understanding that would, in cooperation with black churches, coordinate home visits between parishioners of different churches and races. Youngdahl’s efforts represented a small battle that turned into philosophical warfare between him and more conservative members of the white church council, who feared that blacks would then take the step of attending white churches, resulting in the loss of white members. WITH GOD ON OUR SIDE (Alexander von Wetter, 1981): This important film traces the beginning of the evangelical movement, concentrating on some of the major names that, during the next twenty years, would change the public face of religion, and the money-making activities that would cause it to become a significant force in American politics and public policy. Von Wetter refuses to use cinematic tricks to poke fun of people such as Jerry Falwell, Pat Robertson, Jim Bakker, Robert Schuller, and Reverend Ike, preferring instead to allow them to explain their grandiose schemes in their own words (the visit to Falwell’s money-counting office is memorable). The film also provides an even-handed look at evangelical rock, mass baptisms, drive-in churches. Cine16 is held at the Agenda Restaurant and Lounge, 399 South First Street, San Jose, California, and admission is free.
4/27 ^ Seattle, Washington: Blackchair Productions ^ www.microcinema.com ^ INDEPENDENT EXPOSURE: APRIL SHOWERS ^ 7:30pm: Blackchair Productions’ fifth season April Showers Edition of Independent Exposure will include short film, video and digital works from all over the globe including work by Stefan Gruber (Seattle), Genevieve Anderson (Los Angeles), Matthew McCormick (Portland), Andrea Alvarez (Toronto, Canada), Sumio Ito (Japan), and many others. This event will be held at the Speakeasy Cafe’s Backroom Microcinema, 2304 2nd Avenue in Belltown, Seattle. For more information, contact Joel S. Bachar at info@blackchair.com or (206) 568-6051.
4/27 ^ Toronto, Ontario, Canada: Cinematheque Ontario ^ http://www.bell.ca/filmfest/cinematheque/independents.htm ^ GLENN GOULD: OFF THE RECORD, GLENN GOULD: ON THE RECORD, LONELY BOY ^ 6:30pm: Wolf Koenig and Roman Kroitor, among the leading directors of the NFB’s Candid Eye series, have been described as filmmakers of “rich, diverse accomplishments” (Richard M. Barsam). The pair of documentaries Koenig and Kroitor made about Glenn Gould in 1961 stand among their best work. The first shows us Gould in private, playing his piano only for his dog, speaking about his dislike of concerts and tours, and arguing with a guest about modern music. The second film is a fascinating look at a New York recording session at which Gould recorded Bach’s Italian Concerto, and includes a humourous sequence involving Gould discussing the chairs of great pianists with the proprietors of a piano store. The programme concludes with LONELY BOY (1961), Koenig and Kroitor’s extraordinary profile of another Canadian musician, then-teen idol Paul Anka. Today LONELY BOY seems as fresh, intelligent, and poignant as it did when first released, and “takes its place with such similar cinéma-vérité studies… as DON’T LOOK BACK” (Barsam). All Cinematheque Ontario screenings are held at Jackman Hall located in the Art Gallery of Ontario, 317 Dundas Street West, Toronto. For more information, call the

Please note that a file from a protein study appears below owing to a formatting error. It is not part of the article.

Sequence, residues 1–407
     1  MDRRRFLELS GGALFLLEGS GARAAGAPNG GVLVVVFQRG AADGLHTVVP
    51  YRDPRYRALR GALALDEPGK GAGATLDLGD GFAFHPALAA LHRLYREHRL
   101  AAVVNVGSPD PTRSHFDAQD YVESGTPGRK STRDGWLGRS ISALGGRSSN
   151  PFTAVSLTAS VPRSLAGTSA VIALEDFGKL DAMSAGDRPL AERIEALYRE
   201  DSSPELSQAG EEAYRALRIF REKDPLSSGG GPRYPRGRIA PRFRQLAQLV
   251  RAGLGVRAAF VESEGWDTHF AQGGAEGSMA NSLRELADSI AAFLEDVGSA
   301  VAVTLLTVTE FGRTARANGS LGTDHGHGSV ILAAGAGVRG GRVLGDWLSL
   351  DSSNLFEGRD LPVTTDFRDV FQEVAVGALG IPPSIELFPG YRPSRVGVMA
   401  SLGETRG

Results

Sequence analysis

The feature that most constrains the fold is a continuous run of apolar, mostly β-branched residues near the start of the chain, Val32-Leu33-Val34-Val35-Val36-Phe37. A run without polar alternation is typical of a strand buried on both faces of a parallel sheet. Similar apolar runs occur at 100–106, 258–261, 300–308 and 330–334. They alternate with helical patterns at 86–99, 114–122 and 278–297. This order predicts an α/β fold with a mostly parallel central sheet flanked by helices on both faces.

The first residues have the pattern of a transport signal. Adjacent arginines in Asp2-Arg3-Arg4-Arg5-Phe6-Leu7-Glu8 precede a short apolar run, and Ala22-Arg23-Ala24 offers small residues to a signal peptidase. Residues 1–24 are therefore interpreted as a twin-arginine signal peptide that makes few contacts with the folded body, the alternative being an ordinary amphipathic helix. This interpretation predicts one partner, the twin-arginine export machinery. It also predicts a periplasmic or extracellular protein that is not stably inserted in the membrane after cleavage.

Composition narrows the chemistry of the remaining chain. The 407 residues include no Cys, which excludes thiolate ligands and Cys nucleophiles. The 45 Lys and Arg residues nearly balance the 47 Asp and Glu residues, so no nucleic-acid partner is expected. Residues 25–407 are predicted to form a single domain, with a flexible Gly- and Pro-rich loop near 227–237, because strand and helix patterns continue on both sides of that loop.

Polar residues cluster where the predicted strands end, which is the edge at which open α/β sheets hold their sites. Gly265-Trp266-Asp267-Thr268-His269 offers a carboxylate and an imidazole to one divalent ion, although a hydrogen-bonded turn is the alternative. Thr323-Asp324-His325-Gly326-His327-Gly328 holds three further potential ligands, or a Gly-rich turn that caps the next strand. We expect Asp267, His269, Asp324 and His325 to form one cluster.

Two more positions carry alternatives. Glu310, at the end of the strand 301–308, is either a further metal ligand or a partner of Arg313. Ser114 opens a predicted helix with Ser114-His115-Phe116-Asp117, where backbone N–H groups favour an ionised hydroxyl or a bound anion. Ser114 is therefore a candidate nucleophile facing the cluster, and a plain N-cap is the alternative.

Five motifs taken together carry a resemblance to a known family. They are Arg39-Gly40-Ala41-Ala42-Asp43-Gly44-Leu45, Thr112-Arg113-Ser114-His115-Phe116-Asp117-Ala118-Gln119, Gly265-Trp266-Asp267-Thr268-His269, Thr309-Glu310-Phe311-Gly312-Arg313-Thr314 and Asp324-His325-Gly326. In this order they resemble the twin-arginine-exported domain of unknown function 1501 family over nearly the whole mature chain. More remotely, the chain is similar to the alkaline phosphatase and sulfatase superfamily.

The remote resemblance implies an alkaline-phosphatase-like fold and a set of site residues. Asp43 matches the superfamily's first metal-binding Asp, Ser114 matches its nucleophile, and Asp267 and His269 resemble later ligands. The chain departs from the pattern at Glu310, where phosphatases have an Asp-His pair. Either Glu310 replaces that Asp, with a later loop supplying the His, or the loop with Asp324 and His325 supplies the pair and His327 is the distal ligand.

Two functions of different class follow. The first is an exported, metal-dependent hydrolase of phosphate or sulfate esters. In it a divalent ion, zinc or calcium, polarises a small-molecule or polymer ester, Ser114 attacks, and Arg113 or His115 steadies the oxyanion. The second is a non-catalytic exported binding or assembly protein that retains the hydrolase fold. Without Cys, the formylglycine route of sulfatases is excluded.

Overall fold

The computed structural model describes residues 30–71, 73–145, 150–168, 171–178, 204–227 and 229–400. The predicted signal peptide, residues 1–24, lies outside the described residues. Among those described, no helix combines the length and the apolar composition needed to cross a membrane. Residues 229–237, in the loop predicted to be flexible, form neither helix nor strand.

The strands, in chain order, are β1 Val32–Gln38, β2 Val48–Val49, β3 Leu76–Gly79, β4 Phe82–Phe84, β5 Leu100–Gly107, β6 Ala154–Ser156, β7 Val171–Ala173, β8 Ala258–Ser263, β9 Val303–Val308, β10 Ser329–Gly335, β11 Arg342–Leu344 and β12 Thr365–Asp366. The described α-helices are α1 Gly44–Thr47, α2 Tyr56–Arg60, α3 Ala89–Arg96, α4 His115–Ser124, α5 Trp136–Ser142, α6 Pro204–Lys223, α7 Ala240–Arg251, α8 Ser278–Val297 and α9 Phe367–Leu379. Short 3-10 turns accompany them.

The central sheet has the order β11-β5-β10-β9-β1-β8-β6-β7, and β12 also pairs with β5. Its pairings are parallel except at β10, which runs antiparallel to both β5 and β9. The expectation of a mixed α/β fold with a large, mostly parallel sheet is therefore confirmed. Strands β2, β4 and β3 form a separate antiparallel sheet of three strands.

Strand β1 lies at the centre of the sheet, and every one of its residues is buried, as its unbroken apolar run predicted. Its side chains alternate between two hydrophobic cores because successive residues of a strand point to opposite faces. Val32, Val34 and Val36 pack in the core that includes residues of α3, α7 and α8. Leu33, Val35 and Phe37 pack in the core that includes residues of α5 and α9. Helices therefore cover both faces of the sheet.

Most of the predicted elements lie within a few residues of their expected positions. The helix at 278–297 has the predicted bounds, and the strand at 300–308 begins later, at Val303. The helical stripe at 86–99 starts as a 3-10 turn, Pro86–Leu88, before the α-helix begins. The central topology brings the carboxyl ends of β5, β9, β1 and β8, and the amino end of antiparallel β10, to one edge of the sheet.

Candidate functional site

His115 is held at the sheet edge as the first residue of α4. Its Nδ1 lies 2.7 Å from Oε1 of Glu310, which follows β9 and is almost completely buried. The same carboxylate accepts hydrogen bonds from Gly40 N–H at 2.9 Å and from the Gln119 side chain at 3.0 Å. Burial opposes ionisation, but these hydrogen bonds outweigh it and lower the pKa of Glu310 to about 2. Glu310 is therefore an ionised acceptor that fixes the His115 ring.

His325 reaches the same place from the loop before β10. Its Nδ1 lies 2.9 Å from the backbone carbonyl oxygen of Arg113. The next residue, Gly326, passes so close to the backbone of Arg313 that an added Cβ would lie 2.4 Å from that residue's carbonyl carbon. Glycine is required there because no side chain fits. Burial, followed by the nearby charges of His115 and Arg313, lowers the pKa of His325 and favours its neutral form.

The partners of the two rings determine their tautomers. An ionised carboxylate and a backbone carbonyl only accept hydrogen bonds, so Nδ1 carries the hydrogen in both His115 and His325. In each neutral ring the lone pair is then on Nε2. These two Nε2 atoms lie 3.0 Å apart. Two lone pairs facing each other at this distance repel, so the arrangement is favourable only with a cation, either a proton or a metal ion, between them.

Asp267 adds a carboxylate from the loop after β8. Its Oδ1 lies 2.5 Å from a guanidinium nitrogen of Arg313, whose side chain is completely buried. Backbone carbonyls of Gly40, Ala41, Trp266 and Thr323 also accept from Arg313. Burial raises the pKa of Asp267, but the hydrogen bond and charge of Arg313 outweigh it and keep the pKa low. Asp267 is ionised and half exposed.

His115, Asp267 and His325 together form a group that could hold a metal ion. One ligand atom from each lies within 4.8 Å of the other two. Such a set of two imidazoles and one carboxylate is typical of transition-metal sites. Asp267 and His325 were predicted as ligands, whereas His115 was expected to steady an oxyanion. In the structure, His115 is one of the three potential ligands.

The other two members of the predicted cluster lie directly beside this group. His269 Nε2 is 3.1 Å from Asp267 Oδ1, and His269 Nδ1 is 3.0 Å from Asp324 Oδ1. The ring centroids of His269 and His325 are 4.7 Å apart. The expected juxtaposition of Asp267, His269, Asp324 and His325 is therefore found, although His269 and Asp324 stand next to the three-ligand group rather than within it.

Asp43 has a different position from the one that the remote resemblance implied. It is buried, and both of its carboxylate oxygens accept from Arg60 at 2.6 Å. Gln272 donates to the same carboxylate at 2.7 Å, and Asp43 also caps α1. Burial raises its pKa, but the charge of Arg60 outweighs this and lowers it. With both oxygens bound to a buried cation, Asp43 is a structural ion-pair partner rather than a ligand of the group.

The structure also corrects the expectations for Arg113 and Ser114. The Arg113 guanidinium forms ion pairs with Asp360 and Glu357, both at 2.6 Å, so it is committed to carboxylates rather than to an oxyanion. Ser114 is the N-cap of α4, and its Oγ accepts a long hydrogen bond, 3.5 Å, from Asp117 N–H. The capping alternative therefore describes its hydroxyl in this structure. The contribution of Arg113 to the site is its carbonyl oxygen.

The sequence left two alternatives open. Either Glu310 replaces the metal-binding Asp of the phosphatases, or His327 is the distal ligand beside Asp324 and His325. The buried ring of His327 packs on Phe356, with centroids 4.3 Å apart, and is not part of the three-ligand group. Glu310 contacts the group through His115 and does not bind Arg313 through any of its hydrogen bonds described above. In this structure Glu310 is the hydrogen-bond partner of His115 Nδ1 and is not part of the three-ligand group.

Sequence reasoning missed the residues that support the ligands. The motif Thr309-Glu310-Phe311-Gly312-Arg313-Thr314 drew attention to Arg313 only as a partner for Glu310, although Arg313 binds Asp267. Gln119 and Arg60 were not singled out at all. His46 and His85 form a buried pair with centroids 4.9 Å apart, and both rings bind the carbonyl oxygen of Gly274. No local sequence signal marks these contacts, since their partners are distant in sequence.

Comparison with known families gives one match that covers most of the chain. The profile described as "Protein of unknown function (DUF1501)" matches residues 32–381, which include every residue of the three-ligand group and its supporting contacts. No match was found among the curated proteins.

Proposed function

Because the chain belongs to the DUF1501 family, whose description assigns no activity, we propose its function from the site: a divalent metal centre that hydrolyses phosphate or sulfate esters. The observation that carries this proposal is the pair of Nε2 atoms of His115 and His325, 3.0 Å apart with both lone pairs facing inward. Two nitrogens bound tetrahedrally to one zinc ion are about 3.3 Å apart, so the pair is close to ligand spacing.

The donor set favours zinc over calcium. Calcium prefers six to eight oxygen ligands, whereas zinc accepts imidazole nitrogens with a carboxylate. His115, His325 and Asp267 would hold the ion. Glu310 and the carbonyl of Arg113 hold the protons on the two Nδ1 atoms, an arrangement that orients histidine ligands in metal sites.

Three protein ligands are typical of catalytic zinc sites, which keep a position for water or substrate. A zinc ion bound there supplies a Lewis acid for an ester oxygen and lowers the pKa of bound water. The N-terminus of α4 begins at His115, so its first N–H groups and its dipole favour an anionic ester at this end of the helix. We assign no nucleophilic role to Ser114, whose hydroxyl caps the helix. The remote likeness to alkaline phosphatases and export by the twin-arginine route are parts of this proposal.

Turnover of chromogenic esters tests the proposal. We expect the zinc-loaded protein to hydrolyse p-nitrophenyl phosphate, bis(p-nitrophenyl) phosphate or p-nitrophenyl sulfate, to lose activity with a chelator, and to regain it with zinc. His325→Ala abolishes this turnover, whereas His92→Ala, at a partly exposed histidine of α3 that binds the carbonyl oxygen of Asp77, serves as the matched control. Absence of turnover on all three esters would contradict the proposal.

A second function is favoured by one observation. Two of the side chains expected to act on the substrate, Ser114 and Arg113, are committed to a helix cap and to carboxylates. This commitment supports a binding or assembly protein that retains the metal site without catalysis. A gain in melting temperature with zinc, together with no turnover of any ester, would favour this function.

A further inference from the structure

Cinematheque at (416) 968-3456.
4/27 ^ Toronto, Ontario, Canada: Cinematheque Ontario ^ http://www.bell.ca/filmfest/cinematheque/independents.htm ^ THE MILLS OF THE GODS: VIET NAM (1965) ^ 8:30pm: Beryl Fox has been called “one of the best documentary directors in North America” (Alan Rosenthal). Her classic study of American soldiers and native civilians during the Viet Nam war reminds us why the direct cinema style had such a powerful impact during the sixties, especially in the context of television. (MILLS OF THE GODS was made for CBC TV and subsequently aired in the UK and in the US, with a disclaimer added before the film to assure audiences that the film did not represent the position of the network!) Candid interviews with gung-ho, callow young GIs and pilots are intercut with devastating footage of the destruction wrought by them; particularly terrifying is a jubilant pilot engaged in napalming a tiny village. “This penetrating, perceptive and deeply felt portrait… is unquestionably the most insightful document produced while the war was in progress” (Peter Morris). Wrenching and unforgettable. Tonight we present a version impressively restored by the CBC Archives using digital technology. All Cinematheque Ontario screenings are held at Jackman Hall located in the Art Gallery of Ontario, 317 Dundas Street West, Toronto. For more information, call the Cinematheque at (416) 968-3456.